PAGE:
On January 2, 2013, the IRS released proposed regulations outlining the shared responsibility requirements.1 On July 2, 2013, the IRS announced a one-year delay for implementation.2 Final regulations were released on February 10, 2014. Additionally, the IRS has also released a shared responsibility Fact Sheet3 and Questions/Answers.4

Determining Employers Subject to Shared Responsibility Requirements

The ACA requires that large employers—employers employing at least 50 full-time employees or full-time-employee equivalents—comply with the shared responsibility requirements or face possibly paying the No Coverage Penalty or the Inadequate Coverage Penalty. For 2015 only, the 50-employee threshold has been increased to 100 employees. Thus, employers that employ at least 50, but fewer than 100, full-time or full-time equivalent employees will be exempt from the No Coverage Penalty and the Inadequate Coverage Penalty until January 1, 2016, so long as certain requirements are met. Specifically, in order to take advantage of the delayed effective date, such employers must certify that (i) between February 9 and December 31, 2014, the employer did not reduce the size of its workforce and overall hours of service of its employees (other than for a valid business reason); and (ii) from February 9, 2014 through December 31, 2015, the employer did not materially eliminate or materially reduce the health coverage offered, if any, as compared to the coverage offered on February 9, 2014.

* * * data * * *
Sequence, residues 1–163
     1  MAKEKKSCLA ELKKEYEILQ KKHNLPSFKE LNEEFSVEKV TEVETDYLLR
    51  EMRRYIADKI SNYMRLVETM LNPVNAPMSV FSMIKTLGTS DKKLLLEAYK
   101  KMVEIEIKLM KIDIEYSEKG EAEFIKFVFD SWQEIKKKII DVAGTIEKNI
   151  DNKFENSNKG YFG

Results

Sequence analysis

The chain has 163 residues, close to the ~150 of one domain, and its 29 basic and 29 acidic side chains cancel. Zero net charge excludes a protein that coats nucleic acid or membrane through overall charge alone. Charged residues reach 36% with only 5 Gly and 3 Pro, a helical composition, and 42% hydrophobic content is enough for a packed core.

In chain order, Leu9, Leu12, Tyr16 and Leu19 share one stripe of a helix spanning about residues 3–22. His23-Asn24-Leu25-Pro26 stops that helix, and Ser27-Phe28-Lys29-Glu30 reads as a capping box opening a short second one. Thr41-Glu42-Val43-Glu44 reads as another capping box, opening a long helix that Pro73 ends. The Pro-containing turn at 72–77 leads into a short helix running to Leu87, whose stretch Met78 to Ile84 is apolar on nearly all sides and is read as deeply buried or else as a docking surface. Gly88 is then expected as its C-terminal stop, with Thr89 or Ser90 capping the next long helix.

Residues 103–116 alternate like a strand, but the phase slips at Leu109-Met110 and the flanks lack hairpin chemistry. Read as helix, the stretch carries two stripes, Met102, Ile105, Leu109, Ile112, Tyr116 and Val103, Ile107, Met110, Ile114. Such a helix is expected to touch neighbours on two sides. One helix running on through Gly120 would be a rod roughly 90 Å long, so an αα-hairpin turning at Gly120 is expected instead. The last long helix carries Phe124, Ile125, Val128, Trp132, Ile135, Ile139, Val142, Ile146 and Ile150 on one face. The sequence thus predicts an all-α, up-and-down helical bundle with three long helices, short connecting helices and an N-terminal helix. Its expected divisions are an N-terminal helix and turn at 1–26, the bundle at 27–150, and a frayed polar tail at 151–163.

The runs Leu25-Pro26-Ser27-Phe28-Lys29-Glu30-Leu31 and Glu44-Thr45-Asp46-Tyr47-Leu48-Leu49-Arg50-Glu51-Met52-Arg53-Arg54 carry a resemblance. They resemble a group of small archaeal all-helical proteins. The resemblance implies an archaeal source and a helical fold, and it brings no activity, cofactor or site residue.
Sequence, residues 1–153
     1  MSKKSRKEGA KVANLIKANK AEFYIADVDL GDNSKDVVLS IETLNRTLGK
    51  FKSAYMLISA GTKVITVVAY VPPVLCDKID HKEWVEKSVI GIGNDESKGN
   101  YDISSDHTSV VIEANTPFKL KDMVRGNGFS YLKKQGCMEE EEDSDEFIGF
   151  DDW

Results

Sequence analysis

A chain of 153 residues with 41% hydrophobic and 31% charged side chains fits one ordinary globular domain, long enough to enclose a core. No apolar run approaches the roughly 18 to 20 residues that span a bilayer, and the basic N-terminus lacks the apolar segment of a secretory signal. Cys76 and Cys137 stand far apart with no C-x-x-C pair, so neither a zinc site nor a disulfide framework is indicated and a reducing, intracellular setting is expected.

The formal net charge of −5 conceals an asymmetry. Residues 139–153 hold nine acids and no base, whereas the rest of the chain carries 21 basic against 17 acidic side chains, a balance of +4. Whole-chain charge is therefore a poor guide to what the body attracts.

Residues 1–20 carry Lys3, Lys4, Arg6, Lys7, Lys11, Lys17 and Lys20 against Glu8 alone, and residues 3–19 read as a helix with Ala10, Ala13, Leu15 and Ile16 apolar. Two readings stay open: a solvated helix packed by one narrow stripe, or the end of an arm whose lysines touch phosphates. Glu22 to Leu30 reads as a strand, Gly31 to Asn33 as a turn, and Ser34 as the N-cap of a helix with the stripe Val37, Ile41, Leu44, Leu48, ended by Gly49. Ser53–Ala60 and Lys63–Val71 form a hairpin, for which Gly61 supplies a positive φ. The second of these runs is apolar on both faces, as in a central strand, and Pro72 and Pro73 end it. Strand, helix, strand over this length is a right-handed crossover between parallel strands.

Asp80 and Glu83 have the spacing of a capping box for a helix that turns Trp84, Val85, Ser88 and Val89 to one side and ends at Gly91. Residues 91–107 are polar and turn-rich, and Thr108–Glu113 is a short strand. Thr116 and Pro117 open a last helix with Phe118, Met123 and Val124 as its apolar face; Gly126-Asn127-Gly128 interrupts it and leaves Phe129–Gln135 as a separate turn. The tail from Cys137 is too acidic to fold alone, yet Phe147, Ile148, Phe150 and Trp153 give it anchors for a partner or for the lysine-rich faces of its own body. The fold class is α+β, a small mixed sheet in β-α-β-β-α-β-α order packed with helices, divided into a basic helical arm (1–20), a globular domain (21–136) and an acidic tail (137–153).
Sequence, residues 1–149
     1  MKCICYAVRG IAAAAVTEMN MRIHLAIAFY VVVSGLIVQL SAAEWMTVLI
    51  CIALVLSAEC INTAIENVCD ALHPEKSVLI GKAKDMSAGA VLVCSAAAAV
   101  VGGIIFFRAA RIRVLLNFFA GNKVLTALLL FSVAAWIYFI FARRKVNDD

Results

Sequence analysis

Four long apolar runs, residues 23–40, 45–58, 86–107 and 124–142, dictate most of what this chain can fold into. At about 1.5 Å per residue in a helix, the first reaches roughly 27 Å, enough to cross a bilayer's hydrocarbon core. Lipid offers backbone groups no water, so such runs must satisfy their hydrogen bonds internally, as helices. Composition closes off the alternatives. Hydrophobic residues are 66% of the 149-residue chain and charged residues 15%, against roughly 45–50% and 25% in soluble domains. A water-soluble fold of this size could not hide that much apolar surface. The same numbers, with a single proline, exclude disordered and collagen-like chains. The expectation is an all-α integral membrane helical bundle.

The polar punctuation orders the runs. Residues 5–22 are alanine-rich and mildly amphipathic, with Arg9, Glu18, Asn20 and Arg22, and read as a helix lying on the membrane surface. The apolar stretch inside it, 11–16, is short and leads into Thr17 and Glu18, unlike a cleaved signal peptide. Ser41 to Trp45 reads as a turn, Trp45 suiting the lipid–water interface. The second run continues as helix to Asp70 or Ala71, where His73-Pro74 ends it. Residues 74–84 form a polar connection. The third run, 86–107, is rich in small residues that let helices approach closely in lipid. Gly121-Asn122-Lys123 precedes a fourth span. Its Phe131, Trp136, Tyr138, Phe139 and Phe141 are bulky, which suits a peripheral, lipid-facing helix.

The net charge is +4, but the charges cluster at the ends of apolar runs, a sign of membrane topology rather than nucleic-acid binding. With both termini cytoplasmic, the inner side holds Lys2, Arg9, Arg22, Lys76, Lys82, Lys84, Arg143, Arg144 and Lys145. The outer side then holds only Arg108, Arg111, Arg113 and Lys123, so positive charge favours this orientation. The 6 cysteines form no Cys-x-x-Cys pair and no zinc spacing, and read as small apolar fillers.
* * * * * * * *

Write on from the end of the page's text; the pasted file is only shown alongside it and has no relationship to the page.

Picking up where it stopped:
Controlled-Group Aggregation. The final regulations maintain that controlled-group members must be aggregated for purposes of determining whether an employer is a large employer. Additionally, the final regulations, consistent with the proposed regulations, also provide that any shared responsibility penalty will be assessed on an employer-by-employer basis and not on a controlled-group basis.